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Trier: one of the capitals of the Western Roman Empire

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Trier is an average city in the German state of Rhineland-Palatinate, which has about 100,000 inhabitants. The city is located on the right bank of the Moselle river, in a large basin between the Eifel mountains in the north and Hunsrück mountains in the south, about 15 km from the border with Luxembourg.

Trier is one of the oldest cities in Germany having been founded by the Romans in the year 16 BC The city was founded near a Roman military settlement dating back to 30 BC Trier was called by the name of Augusta Treverorum, and became the capital of the Roman province of Belgica.

During the Roman Empire the city prospered. In 180 AD the city walls were built over 6 km long and with five access gates, of which today the famous Porta Nigra remains. In 275, the city was destroyed by the Alemanni. But subsequently Trier was reborn more powerful than before, becoming from 293 to 395 one of the three residences of the western Roman emperor and an important bishopric. At the time it was known as the “second Rome”.

The city is in fact famous for the numerous Roman buildings still well preserved. In 1986, the Roman Monuments (the Porta Nigra, the Imperial Baths, the Amphitheater, the Roman Bridge, the Palatine Hall (Basilica), the Barbara Baths and the Roman Mausoleum of Igel (located in Igel, a few km south -west of Trier)). But also the Cathedral of St. Peter and the Church of Our Lady (Liebfrauenkirche) of Trier have been included in the UNESCO World Heritage List.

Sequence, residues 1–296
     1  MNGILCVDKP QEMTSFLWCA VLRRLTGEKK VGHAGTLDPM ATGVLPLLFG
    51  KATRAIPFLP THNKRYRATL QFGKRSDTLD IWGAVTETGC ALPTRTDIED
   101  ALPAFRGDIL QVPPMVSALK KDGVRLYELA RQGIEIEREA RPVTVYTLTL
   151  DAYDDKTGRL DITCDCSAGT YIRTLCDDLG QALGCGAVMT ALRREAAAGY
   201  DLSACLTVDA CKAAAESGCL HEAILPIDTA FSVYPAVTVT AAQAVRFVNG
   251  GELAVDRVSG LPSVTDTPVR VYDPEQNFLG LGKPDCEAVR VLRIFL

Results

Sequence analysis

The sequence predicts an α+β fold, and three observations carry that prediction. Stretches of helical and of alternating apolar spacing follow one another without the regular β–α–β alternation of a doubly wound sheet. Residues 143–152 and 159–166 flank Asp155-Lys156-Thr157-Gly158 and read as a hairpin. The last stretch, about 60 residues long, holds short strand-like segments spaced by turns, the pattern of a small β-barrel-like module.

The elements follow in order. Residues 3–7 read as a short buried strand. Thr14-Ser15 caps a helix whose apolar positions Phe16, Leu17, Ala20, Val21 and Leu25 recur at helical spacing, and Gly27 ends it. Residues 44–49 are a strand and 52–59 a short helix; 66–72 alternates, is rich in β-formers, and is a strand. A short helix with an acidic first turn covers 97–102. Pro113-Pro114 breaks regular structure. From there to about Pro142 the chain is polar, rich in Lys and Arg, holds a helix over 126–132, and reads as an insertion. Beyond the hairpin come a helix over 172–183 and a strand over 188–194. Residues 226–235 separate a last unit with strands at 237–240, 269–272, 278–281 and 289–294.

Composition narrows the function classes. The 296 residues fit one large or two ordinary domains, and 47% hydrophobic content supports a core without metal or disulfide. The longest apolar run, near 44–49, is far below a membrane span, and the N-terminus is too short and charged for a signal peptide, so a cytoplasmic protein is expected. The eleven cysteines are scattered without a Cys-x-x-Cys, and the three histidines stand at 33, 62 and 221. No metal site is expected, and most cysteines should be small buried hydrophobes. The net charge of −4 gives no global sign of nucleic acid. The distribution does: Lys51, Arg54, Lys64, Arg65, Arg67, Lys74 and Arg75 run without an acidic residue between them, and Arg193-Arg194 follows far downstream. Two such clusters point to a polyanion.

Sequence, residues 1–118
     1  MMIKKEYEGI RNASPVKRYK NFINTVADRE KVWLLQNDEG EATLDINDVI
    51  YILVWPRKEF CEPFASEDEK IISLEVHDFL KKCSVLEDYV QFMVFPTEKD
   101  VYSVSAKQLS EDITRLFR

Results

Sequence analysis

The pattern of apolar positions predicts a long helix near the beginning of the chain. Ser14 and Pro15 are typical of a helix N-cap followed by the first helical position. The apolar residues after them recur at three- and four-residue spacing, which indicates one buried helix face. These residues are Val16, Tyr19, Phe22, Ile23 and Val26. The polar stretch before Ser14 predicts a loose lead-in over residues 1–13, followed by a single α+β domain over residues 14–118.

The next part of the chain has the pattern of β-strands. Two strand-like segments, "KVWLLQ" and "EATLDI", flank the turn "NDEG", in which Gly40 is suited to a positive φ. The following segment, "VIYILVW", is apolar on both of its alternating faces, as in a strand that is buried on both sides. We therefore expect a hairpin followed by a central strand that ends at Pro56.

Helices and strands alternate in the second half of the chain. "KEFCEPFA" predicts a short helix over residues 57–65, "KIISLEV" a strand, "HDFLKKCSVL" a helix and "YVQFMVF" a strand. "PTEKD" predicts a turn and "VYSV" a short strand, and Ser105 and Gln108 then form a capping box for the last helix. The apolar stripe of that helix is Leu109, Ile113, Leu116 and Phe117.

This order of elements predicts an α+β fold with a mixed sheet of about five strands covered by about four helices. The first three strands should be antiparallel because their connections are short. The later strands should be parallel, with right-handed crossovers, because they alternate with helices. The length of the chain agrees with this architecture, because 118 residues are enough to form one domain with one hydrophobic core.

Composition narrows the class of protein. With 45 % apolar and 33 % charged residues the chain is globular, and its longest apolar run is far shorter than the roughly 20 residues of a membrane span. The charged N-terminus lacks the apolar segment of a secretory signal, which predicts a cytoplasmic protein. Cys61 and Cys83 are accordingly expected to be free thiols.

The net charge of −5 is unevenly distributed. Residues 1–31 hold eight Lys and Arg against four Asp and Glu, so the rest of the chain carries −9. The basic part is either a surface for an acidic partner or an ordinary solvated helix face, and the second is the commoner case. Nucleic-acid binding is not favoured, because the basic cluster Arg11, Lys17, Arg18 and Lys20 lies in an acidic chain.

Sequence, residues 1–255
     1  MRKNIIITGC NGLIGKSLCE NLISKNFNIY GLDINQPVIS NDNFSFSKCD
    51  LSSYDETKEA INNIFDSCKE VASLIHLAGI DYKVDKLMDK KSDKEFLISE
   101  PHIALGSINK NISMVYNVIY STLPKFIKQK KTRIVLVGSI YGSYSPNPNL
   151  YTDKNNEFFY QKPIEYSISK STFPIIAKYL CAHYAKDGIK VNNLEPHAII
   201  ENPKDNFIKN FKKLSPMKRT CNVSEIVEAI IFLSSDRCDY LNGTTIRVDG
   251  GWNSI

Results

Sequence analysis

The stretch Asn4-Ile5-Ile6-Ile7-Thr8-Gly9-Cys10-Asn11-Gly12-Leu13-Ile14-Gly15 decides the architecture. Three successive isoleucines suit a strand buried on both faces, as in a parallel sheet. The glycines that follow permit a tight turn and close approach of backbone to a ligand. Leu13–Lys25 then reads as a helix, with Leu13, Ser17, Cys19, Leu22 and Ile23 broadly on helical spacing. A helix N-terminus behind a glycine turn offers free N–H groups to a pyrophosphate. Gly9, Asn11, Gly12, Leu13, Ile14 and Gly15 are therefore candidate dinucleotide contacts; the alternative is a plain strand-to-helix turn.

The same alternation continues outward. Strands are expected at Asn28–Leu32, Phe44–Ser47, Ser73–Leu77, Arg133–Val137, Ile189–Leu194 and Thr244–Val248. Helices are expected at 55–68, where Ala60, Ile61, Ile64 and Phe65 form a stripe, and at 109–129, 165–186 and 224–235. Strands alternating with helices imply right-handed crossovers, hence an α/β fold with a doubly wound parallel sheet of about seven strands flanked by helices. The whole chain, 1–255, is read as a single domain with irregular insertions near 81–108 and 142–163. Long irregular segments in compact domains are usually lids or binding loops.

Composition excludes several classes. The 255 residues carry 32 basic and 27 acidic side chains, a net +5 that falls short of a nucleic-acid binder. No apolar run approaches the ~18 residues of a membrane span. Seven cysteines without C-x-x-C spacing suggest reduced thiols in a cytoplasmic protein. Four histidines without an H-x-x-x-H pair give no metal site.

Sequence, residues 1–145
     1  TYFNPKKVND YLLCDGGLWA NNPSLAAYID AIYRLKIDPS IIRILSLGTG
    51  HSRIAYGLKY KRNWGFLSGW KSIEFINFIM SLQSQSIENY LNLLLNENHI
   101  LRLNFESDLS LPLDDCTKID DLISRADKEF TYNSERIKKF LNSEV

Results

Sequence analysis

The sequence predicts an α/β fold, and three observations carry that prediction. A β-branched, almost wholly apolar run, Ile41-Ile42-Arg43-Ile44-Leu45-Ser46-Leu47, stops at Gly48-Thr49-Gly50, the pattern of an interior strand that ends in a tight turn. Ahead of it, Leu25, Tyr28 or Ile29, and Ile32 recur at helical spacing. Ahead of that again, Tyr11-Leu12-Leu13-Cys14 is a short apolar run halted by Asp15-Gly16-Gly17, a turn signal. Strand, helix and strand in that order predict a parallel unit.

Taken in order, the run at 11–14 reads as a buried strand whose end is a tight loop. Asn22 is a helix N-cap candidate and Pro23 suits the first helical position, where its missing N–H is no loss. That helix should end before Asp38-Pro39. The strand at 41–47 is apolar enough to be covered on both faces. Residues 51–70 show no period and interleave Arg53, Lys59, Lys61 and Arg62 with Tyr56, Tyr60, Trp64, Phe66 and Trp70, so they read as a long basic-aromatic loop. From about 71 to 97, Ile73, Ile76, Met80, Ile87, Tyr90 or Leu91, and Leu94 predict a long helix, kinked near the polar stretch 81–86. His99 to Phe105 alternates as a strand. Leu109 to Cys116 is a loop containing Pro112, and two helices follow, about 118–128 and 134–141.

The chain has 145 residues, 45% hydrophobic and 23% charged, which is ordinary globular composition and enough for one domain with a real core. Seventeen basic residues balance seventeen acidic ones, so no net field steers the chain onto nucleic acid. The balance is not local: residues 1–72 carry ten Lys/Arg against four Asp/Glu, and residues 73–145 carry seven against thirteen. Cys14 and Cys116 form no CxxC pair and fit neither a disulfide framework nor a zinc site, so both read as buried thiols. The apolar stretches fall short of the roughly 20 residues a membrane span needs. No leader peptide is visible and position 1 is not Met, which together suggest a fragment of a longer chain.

Of all the Roman monuments in Trier, the Porta Nigra is today the symbol of the city. This perfectly preserved Roman gate was built in the 2nd century AD. with blocks of sandstone, and is made up of towers and a double order of galleries. Between the eleventh and eighteenth centuries the gate was incorporated into the double church of Saint Simeon, of which the Romanesque apse is preserved.


Another well-preserved building of the Roman Augusta Treverorum is the Palatine Hall. A brick apsidal judicial basilica, with double rows of windows, built around 310 AD. This was the throne room of Emperor Constantine, and was later used as a fortress by the archbishops and electors of Trier. Today it is a Protestant church (Church of the Savior).

Interesting are the remains of two large Roman spas. The Imperial Baths (Kaiserthermen), dating back to the 4th century AD and the Baths of Saint Barbara (Barbarathermen), built in the 2nd century AD. The remains of the Amphitheater built around 100 AD are also from Roman times. The structure could host about 20,000 spectators. Under the amphitheater there is a large underground, still accessible today. Finally, the Roman bridge (Römerbrücke) over the Moselle is well preserved, so much so that cars still pass there today.

Remains of two basilicas and an imperial palace are located under the cathedral. While inside the modern structure of protection of the spas of the livestock market, the remains of a Roman thermal plant are visible. Under the former Benedictine abbey of St. Maximin there is a vast paleochristian necropolis which includes several hundred tombs of the first Christians and some of the first bishops of the city.

In the northern area of the city is the Pfalzel district. Here the late Roman emperors built a palace-fortress in a strategic position a few kilometers downstream of the city, near a second recently discovered Roman bridge. In the neighborhood several buildings have remains of Roman buildings that go up to the second floor.